Debridement is a method for ridding the foot of callus foot tissue. This callus tissue can include foot tissue with scales, foot tissue with fissures (cracked heels, etc.), corns, foot tissue with lesions (foot ulcers), keratinized tissue, tyloma, kyperkeratosis or any other hardened or excessively thick foot tissue. Debridement can be used to remove dead tissue, damaged tissue, or infected tissue (as in the case of a foot ulcer). Sometimes a podiatrist will remove the callus tissue using a scalpel or manual cutting tool. Other times the podiatrist will use a drill-like instrument that gently buffs the dead or damaged skin away.
When debriding callus foot tissue extra care must be used to ensure that the damaged or infected skin does not tear or start to hemorrhage. This is especially true in patients who have diabetes and are prone to foot ulceration. The debridement of callus tissue on the feet can be attempted at home using a pumice stone or set of nail scissors to gently trim the hardened tissue. Debridement should not be attempted at home if the callus tissue is unusually infected or if it the tissue starts to hemorrhage. Debridement should never be attempted at home by people with diabetic foot or people with lymphedema (a condition that causes the foot to swell due to blockages in the lymph system).
Sometimes podiatrists choose to apply a chemical peel to callus foot tissue. This chemical peel is designed to soften the callus foot tissue before the surgical process of debridement. Callus tissue on the foot tends to be harder and thicker than callus tissue on other parts of the body. The chemical peel, therefore, should be specifically designed to soften the callus tissue of the foot.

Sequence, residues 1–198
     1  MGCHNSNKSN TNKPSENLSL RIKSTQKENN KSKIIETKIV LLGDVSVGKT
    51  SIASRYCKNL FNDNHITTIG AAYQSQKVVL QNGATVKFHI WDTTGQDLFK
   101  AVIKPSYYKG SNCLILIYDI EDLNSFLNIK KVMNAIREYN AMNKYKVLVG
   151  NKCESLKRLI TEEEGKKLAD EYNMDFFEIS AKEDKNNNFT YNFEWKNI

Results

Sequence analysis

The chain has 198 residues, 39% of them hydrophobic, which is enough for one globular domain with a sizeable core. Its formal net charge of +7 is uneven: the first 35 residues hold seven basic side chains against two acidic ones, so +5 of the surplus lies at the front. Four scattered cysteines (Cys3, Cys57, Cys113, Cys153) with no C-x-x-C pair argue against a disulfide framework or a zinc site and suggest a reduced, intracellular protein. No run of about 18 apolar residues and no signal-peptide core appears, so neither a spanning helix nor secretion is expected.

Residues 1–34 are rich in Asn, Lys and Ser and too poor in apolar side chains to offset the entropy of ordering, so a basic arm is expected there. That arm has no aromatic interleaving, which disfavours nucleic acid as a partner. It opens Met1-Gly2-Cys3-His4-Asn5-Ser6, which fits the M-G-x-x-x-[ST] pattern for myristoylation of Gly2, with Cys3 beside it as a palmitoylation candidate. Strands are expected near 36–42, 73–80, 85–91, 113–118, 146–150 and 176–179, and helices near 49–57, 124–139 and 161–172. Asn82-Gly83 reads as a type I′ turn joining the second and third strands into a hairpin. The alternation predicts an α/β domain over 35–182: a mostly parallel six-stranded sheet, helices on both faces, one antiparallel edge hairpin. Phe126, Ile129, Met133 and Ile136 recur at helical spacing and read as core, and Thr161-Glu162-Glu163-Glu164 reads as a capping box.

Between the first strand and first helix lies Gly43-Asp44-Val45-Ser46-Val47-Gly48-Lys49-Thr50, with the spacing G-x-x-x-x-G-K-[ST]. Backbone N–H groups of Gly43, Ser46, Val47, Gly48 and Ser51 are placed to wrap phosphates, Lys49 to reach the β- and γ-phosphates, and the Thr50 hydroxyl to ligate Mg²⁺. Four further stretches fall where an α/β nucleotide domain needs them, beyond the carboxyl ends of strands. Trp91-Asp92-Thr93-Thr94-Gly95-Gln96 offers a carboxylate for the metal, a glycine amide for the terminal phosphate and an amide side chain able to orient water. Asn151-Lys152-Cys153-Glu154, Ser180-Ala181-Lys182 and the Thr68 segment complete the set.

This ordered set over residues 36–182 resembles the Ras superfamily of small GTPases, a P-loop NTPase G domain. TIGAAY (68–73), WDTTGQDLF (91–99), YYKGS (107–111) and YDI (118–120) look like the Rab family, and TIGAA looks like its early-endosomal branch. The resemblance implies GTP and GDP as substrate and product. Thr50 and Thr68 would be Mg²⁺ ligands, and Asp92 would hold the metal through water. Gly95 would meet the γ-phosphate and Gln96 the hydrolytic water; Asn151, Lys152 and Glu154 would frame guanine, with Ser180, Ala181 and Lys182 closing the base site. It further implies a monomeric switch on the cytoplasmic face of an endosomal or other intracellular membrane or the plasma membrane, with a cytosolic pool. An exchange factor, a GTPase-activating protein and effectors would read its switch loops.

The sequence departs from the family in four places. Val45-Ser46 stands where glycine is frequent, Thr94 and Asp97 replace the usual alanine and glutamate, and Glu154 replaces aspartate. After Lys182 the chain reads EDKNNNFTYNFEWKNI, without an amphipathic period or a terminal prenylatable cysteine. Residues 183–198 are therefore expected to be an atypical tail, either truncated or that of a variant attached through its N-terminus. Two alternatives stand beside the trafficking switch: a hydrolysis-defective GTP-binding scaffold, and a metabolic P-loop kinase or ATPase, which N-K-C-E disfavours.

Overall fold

After the chemical peel, the callus tissue is normally removed using a powered instrument with a “burr” that scrapes away the dead or damaged tissue. The entire process can take as little as twenty minutes. While debridement techniques tend to be feared as a painful process, they can be performed with the patient feeling little to no physical pain or discomfort.
The callus foot tissue should continue to receive extra care once the patient has returned home. Very little stress should be put on the affected areas for the next couple of days. Avoid adhesive bandages and pads that may further injure the foot upon their removal. Where soft shoes and socks without seams to avoid unnecessary friction on your feet. Wear comfortable, well-fitting shoes that will not only allow your feet to heal but also reduce the chance of corns, scaled tissue, fissured tissue, lesions or any other callus foot tissue forming in the future.